3. GET CREATIVE, FOLLOW YOUR PASSION, AND CHANNEL YOUR INNER ENTREPRENEUR. On NPR's "On Point" radio program on "Life After Layoffs," the discussion centered around a film, "Lemonade," about what the laid-off executives of a Manhattan ad agency went on to do when it was clear there were no jobs for them. One exec profiled turned his avocation into his vocation. He left Manhattan for a studio upstate and now sells enough of his paintings to live well in a less-expensive region. (The strategy of reducing your expenses and/or changing your lifestyle is one that can help you make the transition away from a big paycheck and towards a more meaningful career.) One exec became a yoga and holistic health counselor. Another became a career reinvention coach. One caller took his passion for European car parts and turned it into an Internet business.

Many people's successful alternative careers are heavily dependent on technology for making products and on the Internet for selling products and services.

Wired Magazine (Feb. 2010) predicts that a new industrial revolution is in the making "in an age of open source, custom-fabricated, DIY product design.Now that individuals are able, without a high capital outlay, to use computers and 3-D printers to design and prototype new products and then outsource custom, "small-batch" manufacturing to China, many small entrepreneurs are successfully bringing their products to market. Some examples? A kit car manufacturer. A company that makes accessories that interface with Lego blocks. Bike components. Customer furniture. Noise-canceling wireless headsets. If you have a great idea for a new product, you may be able to grow a business from your garage.

IN SUMMARY. If you are out of work and feel out of options, these new directions might spark an idea for you that could result in a rewarding new career. With the fast pace of technological change, the vicissitudes of the market, and an increasingly global economy, it makes sense for everyone - jobless or not - to be thinking about having an ace up their sleeve and an idea about how to adapt to "what's next."

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Topics: job search, personal branding, executive resumes, executive resume writing, career management, career planning, Get a Job, Working

Match.com and Your Resume

Posted by Jean Cummings

Apr 8, 2010 7:06:00 AM

My friend who uses Match.com  has met several people who are a good match for her age, interests, politics, and education level and one person in particular who has become a really close friend. It makes sense - it's why so many people worldwide use the site. Then why is it that people are still indiscriminately sending resumes in to jobs that bear little resemblance to the jobs they have listed on their resume? It just makes things harder for the truly qualified.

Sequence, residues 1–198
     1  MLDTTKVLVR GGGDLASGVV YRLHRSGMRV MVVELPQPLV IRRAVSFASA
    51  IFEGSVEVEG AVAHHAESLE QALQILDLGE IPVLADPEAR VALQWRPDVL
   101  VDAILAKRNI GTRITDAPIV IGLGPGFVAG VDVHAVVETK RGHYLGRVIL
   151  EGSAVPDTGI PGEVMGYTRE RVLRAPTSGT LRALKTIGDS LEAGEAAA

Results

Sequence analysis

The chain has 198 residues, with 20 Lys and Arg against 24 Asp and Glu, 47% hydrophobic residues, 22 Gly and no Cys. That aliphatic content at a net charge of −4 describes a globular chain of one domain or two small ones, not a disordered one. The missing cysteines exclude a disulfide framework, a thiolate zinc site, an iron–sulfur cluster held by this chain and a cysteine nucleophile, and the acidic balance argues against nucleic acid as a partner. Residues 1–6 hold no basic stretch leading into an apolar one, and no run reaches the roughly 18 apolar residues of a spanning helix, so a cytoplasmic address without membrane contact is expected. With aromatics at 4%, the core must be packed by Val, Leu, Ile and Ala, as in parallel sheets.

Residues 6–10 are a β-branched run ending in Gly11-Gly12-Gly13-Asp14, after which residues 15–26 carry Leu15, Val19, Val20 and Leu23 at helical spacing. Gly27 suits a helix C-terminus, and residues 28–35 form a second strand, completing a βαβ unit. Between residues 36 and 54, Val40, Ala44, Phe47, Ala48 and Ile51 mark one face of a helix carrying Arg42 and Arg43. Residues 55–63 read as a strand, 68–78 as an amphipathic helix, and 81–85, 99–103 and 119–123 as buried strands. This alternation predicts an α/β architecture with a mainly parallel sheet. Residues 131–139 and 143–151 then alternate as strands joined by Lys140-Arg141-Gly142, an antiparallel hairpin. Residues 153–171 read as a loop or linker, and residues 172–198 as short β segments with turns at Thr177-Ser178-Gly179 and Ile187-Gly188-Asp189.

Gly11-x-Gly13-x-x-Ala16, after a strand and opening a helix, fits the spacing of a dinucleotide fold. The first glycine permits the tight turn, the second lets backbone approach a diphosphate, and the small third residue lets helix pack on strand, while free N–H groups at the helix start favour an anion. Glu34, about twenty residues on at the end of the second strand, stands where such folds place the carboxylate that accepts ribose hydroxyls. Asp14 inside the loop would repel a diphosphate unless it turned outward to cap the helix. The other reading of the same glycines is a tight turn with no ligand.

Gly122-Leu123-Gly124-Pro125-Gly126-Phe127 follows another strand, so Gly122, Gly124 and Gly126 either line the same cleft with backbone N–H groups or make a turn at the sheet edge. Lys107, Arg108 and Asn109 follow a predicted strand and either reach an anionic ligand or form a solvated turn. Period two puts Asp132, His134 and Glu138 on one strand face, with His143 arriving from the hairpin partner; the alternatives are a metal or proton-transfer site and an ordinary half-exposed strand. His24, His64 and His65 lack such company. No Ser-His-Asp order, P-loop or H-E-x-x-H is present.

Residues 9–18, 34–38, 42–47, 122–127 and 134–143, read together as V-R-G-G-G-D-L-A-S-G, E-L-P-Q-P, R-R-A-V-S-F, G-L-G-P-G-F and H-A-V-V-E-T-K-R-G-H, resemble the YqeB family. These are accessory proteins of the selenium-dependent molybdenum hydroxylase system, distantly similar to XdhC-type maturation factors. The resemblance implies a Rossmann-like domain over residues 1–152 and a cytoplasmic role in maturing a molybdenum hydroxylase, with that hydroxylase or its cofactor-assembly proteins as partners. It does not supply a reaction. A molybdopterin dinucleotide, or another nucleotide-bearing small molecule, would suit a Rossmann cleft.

One of the reasons that companies and recruiters are turning away from paying to post jobs on the big job boards is that they get so many irrelevant resumes! Even if you are a serious candidate and provide a close match with the advertised job, you will have a hard time penetrating the jungle of thousands of "unmatched" resumes. (That's why you need to network.)

If you are on Match.com and want to meet people who are pacifists like you or left-leaning liberals, you can expect not to be matched up with hawks and right-leaning Republicans. Right? So what does that mean about how you write your resume? You want your resume to provide a "close match" with the advertised position.

First, the keywords. Make sure that the keywords you find in the job posting can be found on your resume, even if you have to make a "Skills" list at the end of your resume to contain all of them.

Second, your industry. Apply to jobs that are in the same industry that you have experience in. With the intense competition for jobs, you are less likely to be considered for a job outside your industry experience. That means that if you truly want to switch industries, don't count on applicant tracking technology such is as used on the job boards and corporate sites to come up with your resume. Instead, power up your networking to give you a chance to get in front of a hiring authority and make a pitch about the transferability of your skills. 

Third, your job title. If you have held the same title as the job you are applying for in the same industry, you will be providing a close match. If you are seeking to take your career to the next level (going from Director to Senior Director or Senior Director to VP, for instance), you will fare better if you mention the higher-level title in your profile by saying something like, "Poised to assume a VP-level position" or "Targeting VP positions." That's to get the keyword in there, but also to let the reader know that you are ready to move up. Your resume will be more credible, then, if you can demonstrate you've used the skills required in the higher-level position, such as including examples of your contributions to strategic planning if you want an executive-level job. 

Fourth, your skills. Make your resume sound familiar to the reader who has posted the ad. You want to provide a comfort level for the reader by using the skills that they are seeking. 

Fifth, your results. The hiring authority can usually afford - given the large number of applicants - to be picky and interview people whose dynamic accomplishments are highlighted in their resumes. So knock their socks off!